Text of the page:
After third grade, students typically stopped participating in chants like these at recess in favor of other games. Rather than being due to developmental changes or varying interests, this might have been due to the recess attendants who wanted to stop us from repeating this chant with its “bad words.”

Mnemonic Devices – United States of America

Treble Clef

Space notes: F A C E (spells “FACE”)

Lined notes: E G B D F (Every Good Boy Does Fine)

(Elvis’s Guitar Broke Down Friday)

Bass Clef

Space notes: A C E G (All Cows Eat Grass)

(All Cars Eat Gas)

Lined notes: G B D F A (Good Boys Do Fine Always)

(Good Boys Deserve Fudge Always)

(Good Boats Do Float Always)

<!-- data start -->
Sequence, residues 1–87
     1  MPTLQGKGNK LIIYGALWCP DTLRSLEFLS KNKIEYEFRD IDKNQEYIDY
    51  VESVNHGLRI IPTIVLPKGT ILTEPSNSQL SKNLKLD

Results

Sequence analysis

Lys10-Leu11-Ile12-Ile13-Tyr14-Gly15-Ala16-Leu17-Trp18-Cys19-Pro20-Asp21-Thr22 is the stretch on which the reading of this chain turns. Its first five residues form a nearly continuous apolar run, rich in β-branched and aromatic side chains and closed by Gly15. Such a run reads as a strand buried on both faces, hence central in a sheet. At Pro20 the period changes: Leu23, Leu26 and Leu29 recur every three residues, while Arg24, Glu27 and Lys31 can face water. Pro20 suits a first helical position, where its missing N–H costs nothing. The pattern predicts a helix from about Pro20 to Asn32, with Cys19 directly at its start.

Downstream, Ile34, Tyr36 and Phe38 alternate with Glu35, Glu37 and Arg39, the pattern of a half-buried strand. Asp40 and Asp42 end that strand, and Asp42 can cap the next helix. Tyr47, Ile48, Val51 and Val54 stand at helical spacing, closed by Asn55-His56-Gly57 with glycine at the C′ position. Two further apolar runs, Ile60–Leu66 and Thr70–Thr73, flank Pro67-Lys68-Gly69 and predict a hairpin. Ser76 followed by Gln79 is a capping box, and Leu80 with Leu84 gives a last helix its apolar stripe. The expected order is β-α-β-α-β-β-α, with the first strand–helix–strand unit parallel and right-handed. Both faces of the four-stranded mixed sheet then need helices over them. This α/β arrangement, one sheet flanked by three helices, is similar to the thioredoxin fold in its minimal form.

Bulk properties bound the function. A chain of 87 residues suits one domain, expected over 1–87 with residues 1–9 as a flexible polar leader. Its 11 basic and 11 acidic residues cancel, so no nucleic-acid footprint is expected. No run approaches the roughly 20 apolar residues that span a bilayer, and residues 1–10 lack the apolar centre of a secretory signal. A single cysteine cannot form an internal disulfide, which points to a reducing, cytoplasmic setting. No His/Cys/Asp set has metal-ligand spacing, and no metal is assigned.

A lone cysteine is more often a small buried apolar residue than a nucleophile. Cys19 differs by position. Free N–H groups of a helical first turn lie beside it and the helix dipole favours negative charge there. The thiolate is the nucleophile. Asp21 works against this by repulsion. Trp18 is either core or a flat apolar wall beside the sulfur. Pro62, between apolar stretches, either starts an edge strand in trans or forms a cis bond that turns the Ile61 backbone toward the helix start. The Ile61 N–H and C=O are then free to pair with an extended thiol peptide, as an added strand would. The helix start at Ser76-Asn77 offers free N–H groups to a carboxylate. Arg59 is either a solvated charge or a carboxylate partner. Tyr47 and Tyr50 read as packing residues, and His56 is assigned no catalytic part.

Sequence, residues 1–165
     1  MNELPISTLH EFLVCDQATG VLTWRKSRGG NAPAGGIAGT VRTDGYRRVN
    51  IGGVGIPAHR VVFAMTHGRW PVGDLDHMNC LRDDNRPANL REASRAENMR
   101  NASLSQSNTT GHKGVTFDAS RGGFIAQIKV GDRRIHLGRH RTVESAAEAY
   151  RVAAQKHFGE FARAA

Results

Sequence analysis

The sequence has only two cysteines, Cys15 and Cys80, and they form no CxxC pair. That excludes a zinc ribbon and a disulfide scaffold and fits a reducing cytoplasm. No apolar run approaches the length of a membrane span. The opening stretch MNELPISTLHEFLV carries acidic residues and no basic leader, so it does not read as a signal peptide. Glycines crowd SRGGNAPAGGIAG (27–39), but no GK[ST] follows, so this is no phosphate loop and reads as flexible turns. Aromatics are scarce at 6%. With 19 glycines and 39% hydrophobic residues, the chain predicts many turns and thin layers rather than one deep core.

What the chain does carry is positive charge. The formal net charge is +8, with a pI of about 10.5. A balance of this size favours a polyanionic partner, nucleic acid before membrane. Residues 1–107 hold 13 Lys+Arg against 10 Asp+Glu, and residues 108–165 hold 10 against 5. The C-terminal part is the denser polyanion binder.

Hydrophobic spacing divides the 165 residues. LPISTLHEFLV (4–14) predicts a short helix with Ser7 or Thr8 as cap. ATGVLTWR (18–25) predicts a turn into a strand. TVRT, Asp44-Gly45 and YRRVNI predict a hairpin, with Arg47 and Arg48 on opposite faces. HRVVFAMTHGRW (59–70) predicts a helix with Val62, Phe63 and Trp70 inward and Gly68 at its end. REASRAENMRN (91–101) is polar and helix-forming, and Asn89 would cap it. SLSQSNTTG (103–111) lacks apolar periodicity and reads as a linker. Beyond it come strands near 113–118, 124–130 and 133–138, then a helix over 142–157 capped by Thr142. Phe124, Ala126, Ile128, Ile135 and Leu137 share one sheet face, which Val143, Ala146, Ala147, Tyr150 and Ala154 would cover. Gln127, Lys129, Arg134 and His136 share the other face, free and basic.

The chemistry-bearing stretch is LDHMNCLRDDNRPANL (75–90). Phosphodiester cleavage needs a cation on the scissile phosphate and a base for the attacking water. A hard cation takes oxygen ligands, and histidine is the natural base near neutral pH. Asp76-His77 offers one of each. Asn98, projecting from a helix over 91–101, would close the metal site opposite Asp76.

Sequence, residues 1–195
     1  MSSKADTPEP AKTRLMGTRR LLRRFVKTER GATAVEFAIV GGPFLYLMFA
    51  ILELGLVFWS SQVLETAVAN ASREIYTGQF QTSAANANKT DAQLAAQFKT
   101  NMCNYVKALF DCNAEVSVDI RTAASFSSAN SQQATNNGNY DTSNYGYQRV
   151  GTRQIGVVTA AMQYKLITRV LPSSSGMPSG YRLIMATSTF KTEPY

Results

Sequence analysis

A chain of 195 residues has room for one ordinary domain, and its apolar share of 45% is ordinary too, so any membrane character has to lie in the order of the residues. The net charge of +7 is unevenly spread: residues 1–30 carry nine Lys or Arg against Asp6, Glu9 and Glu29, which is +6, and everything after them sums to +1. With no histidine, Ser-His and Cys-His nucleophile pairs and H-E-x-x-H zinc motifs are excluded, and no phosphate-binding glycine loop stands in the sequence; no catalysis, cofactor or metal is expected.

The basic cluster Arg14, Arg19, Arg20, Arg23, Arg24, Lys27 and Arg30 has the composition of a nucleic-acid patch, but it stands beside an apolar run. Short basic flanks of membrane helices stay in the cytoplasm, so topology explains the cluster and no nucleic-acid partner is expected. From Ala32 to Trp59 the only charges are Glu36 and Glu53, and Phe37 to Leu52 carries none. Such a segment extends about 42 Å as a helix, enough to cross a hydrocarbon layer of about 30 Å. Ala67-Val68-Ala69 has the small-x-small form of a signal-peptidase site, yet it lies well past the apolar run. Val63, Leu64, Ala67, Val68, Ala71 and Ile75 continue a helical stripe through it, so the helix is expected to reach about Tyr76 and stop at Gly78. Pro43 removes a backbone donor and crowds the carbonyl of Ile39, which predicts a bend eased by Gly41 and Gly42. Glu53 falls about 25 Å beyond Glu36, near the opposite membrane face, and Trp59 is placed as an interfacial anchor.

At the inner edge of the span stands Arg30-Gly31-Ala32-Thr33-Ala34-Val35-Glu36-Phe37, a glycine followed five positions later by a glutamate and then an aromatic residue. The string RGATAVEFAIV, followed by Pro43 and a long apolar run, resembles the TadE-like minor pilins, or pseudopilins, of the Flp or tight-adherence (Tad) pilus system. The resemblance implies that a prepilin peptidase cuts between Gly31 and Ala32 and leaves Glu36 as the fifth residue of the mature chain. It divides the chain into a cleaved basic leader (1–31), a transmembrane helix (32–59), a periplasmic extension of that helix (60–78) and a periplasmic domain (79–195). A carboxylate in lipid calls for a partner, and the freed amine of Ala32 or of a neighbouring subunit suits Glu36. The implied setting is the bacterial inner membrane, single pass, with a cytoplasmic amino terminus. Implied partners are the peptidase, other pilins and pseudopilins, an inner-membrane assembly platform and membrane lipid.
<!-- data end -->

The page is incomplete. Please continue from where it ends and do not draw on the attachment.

My mother first learned these as a young piano student in the 1960s from her piano teacher. Now as a piano teacher, she teaches these phrases to her students in order to help them become more skilled at sigh-treading. She also encourages her students “to make up their own phrase to help them remember note placement on the staves.”

When I was young, my mom taught me these acronyms as I became more comfortable with the keys—she began teaching me how to play the piano around age 5. Later in middle school, I started playing the violin, and my violin teacher reintroduced the treble clef mnemonic devices to me. Like my mother, she encouraged her students to come up with their own phrases to help them remember the notes.